But experts are warning that when pregnant women are going through the last stage of pregnancy, their immune system is compromised.
And they are at a greater risk of contracting STIs.
According to nurse practitioner and STI expert Terri Warren, the biggest risk is when a woman contracts herpes in her third trimester.
The author of The Good News About The Bad News: Herpes: Everything You Need to Know, told Vice that babies have a 50 per cent chance of being born with the disease if their mothers contracted it during pregnancy.
Joe Aquilina, a consultant obstetrician at the Royal London Hospital, said he agrees with Ms Warren, and would suggest pregnant women ‘avoid oral sex’.
‘If the father has a cold sore around the lips and they engage in oral sex, she could get a primary infection.’
To reduce the chance of this infection passing to the baby, he said he would not advise having a natural birth.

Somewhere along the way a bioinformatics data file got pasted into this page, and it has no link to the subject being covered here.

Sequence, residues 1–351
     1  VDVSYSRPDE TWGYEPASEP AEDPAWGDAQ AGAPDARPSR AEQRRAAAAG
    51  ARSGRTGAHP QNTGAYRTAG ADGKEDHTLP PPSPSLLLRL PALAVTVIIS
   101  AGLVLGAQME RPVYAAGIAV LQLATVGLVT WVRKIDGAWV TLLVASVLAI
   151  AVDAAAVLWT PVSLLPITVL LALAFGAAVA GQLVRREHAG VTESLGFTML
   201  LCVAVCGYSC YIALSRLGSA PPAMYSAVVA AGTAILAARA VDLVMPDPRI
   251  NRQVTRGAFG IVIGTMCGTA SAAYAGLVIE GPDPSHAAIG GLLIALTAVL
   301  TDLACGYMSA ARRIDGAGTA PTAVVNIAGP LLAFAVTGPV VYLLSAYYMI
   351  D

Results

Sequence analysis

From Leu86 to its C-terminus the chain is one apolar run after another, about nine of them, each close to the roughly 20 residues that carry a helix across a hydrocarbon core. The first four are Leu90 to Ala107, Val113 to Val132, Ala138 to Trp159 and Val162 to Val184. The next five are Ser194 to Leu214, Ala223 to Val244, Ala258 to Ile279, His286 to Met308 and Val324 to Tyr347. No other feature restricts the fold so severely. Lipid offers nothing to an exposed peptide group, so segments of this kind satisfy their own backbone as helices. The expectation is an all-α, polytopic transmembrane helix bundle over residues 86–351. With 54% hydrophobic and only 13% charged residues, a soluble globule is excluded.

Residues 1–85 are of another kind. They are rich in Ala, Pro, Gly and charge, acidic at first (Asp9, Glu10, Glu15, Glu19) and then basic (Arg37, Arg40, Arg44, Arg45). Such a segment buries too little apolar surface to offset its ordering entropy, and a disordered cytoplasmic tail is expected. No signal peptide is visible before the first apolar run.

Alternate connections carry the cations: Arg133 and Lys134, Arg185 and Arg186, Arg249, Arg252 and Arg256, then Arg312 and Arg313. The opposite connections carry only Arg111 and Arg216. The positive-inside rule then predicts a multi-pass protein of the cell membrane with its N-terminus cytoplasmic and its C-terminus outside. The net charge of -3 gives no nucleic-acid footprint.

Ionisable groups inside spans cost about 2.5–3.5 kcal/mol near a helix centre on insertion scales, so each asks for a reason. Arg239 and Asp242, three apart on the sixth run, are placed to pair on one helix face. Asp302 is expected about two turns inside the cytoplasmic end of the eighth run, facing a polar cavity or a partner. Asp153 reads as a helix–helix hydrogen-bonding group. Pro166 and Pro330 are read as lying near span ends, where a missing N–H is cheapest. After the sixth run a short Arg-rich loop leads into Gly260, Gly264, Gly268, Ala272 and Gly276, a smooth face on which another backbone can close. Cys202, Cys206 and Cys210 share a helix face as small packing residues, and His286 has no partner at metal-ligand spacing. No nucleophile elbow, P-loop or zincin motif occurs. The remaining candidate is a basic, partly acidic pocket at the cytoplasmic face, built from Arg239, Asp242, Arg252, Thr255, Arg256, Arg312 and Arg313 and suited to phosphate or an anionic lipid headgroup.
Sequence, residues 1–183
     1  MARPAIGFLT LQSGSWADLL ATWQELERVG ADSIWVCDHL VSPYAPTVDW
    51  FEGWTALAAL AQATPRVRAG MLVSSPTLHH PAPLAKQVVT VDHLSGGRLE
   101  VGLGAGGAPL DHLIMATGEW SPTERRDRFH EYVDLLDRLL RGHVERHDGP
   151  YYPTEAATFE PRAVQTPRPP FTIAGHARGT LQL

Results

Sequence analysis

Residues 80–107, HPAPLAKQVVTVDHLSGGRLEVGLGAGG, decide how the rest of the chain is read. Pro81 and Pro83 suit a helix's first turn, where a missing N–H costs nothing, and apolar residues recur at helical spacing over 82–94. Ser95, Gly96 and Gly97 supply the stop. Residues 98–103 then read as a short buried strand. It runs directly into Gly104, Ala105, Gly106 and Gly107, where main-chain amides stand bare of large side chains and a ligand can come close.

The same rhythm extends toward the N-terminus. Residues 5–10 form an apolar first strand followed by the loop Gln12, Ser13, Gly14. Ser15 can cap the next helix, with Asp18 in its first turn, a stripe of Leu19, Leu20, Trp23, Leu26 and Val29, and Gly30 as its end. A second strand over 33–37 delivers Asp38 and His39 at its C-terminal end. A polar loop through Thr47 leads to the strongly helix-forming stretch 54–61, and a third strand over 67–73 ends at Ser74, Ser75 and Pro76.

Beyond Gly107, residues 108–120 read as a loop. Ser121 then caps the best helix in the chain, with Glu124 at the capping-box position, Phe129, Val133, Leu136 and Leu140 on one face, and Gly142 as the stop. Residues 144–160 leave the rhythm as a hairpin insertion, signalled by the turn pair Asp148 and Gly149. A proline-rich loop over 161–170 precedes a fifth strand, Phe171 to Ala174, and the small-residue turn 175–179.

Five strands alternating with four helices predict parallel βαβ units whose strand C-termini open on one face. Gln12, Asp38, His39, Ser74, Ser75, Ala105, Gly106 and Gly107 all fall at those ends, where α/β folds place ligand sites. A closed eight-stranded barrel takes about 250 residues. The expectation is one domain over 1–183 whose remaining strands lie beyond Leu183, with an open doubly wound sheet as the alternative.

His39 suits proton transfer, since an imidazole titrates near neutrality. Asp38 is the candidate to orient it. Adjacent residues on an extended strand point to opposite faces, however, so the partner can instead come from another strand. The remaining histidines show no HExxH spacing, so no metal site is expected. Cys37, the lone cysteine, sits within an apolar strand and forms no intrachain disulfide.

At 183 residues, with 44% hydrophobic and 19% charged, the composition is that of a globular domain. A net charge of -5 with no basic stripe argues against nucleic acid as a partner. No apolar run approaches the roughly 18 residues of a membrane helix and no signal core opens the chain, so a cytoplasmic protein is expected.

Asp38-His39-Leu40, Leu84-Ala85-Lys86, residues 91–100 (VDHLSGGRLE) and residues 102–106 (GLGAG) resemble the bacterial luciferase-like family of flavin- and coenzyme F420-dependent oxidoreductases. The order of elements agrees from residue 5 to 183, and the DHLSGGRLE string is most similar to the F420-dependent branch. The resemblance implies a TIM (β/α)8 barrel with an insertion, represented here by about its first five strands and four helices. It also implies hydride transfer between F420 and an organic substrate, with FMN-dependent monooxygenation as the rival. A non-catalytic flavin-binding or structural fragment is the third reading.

Dr Aquilina said: ‘If the woman had a primary infection I would advise erring on the side of caution and having a c-section.’
Even if a condom is worn, STIs can still be transmitted. It can provide a barrier for fluids but it does not stop all skin-to-skin contact, leaving a risk of infection from HPV, herpes, syphilis, pubic lice, or scabies.
As such, STI experts advise the safest way to avoid infecting a pregnant mother is to stay clear of oral sex altogether.
It follows the news from a leading psychologist who claimed the best way to treat morning sickness is by giving oral sex and consuming semen.
Prof Gordon Gallup said pregnant women who consume the sperm of their baby’s father are less likely to feel sick when they wake up.
He claimed morning sickness is caused by the introduction of a foreign substance – in this case semen – to a woman’s body and the more sperm a woman ingests, the more tolerant of it she will become.